Gov. Mark Dayton released on Tuesday his budget proposal for balancing the state's $6.2 billion deficit. Below are some questions and answers about Dayton's proposal.
Dayton proposes raising taxes in his budget. Who would be affected?
Dayton says only 5 percent of Minnesotans would see their income taxes go up. Here's a look at who he's talking about:
-- Minnesotans whose taxable income -- that means after deductions -- exceeds $85,000. (The threshold is $130,000 for heads of household and $150,000 for couples.) Minnesotans whose taxable income exceeds $500,000 will have to pay an additional temporary "surtax" of 3 percent.
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-- Snowbirds and other Minnesotans who spend part of the year in another state. (Dayton wants to close a loophole, meaning people will still have to pay income taxes even if they don't live here all year.)
-- Minnesotans who own homes valued at more than $1 million
How would income and property taxes be calculated?
Assuming Dayton follows current practice, the new rate of 10.95 percent would be applied to any income over the $85,000 annual taxable income threshold. That means if your taxable income is $125,000, you'll pay the new higher tax rate only on $40,000 and pay a lower rate for the rest. Likewise, the property tax would be applied to the portion of the home's value over the $1 million threshold.
How would Minnesota's income tax rate compare to other states under Dayton's proposal?
Currently, Hawaii, Oregon and California have higher tax rates than Minnesota. If Minnesota adds a fourth tier income tax rate of 10.95 percent, the state would have the second-highest income tax rate. If the temporary surtax is included, Minnesota would have the highest state income tax rate.
Dayton proposes cuts to MinnesotaCare, higher education, health and human services, the state government work force. How much money are we talking about and who would be impacted?
-- MinnesotaCare: The budget would eliminate MinnesotaCare coverage for 7,200 people -- adults making more than 200 percent of the federal poverty guidelines (about $22,000 a year or $1,815 a month for a single adult and about $29,000 a year or $2,452 a month for two adults). MinnesotaCare currently provides health insurance for more than 100,000 people each month, including many people who are considered members of the working poor. Recipients pay a monthly premium based on their income. Commissioner of Human Services Lucinda Jesson said she hopes people who lose their insurance will be able to find coverage in the private market. She said there will be more opportunities to get subsidized coverage through federally mandated insurance exchanges in 2014.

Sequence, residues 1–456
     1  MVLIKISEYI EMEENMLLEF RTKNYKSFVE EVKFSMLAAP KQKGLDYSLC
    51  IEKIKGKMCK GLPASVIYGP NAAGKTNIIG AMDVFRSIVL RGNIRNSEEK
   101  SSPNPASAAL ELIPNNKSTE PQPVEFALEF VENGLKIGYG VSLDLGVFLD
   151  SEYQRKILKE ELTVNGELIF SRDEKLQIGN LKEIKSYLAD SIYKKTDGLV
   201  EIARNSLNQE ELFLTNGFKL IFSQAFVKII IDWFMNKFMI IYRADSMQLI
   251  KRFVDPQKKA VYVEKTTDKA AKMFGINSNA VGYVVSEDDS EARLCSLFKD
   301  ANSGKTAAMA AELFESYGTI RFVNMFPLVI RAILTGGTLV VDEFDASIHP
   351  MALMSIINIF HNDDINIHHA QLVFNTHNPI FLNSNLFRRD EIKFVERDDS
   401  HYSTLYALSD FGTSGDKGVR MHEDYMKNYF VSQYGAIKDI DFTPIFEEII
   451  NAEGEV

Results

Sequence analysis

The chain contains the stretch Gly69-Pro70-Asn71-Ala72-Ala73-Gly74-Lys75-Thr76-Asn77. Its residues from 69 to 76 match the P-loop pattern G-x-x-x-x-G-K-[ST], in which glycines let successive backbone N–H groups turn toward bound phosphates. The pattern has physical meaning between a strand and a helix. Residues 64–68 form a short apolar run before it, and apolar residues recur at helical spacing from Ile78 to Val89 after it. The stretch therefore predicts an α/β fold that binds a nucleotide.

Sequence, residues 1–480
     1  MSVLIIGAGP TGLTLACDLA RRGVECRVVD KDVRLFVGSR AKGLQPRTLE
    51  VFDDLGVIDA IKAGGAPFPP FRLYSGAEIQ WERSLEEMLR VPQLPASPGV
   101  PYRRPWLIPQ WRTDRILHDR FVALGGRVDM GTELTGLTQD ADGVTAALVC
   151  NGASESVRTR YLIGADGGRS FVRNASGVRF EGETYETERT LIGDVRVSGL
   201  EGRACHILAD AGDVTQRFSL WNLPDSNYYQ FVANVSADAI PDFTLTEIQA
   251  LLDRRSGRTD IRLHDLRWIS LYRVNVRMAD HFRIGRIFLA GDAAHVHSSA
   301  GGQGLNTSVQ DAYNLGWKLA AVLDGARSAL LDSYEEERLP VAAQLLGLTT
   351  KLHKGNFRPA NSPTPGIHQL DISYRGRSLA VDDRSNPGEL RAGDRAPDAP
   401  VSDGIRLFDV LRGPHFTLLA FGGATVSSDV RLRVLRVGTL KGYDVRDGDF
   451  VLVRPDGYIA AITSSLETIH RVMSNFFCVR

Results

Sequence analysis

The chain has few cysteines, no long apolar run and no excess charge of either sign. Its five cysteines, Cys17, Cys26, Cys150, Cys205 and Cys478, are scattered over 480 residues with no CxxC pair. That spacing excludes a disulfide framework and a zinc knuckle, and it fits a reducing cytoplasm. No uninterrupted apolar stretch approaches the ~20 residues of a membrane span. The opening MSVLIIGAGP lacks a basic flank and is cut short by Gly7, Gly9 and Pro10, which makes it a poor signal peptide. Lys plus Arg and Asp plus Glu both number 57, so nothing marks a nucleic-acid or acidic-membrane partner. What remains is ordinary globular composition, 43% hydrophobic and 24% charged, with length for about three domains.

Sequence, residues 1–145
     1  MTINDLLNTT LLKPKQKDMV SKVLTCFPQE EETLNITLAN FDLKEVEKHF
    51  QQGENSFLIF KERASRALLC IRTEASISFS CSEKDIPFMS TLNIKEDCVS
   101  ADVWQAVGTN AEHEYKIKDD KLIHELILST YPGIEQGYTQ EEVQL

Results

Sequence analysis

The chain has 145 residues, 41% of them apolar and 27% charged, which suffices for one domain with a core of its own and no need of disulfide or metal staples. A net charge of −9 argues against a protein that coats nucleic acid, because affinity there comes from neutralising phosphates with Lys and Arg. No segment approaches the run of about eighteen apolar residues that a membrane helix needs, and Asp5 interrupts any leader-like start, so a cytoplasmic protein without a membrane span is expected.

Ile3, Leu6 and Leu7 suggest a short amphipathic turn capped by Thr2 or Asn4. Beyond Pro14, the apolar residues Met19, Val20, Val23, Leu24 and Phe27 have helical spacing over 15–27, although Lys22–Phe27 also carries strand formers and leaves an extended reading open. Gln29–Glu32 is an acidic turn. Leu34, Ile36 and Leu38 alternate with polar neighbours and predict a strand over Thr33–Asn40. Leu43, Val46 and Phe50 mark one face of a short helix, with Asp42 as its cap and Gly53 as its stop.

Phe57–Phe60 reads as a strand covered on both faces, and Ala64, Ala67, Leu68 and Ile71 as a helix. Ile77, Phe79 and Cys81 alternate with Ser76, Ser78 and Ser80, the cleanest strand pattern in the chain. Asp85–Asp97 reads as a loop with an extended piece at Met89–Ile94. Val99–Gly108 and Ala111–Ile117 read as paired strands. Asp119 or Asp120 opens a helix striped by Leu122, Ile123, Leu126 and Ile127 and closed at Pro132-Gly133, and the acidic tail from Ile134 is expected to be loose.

-- Higher education: Minnesota's public colleges would see a $153 million reduction in the next two years. That could lead to tuition increases and/or cuts at the University of Minnesota and MnSCU campuses. Dayton's budget protects the State Grant program from cuts, providing financial aid to college students whose families make less than $50,000 a year. But Dayton would cut $18 million out of other programs and small grants administered by the Minnesota Office of Higher Education. Overall higher education funding would be reduced to 2003 levels.
-- Health and human services: Dayton wants to transition some "lower need" Minnesotans who have disabilities into less expensive community living alternatives rather than high-cost nursing homes. He would also raise eligibility requirements for community based services for seniors. Also, the rates the state will pay for nursing home or other long-term care would be reduced to save the state money. These cuts would impact care providers and could also impact the care the elderly and Minnesotans with disabilities on public receive. Stay tuned for more details in the coming days.
-- State government: Dayton would reduce the work force by 6 percent, which is about 2,160 workers. It's not yet clear how many people would be laid off, but some of the cuts could be achieved through attrition.
How likely is it that this will be the state's next two-year budget?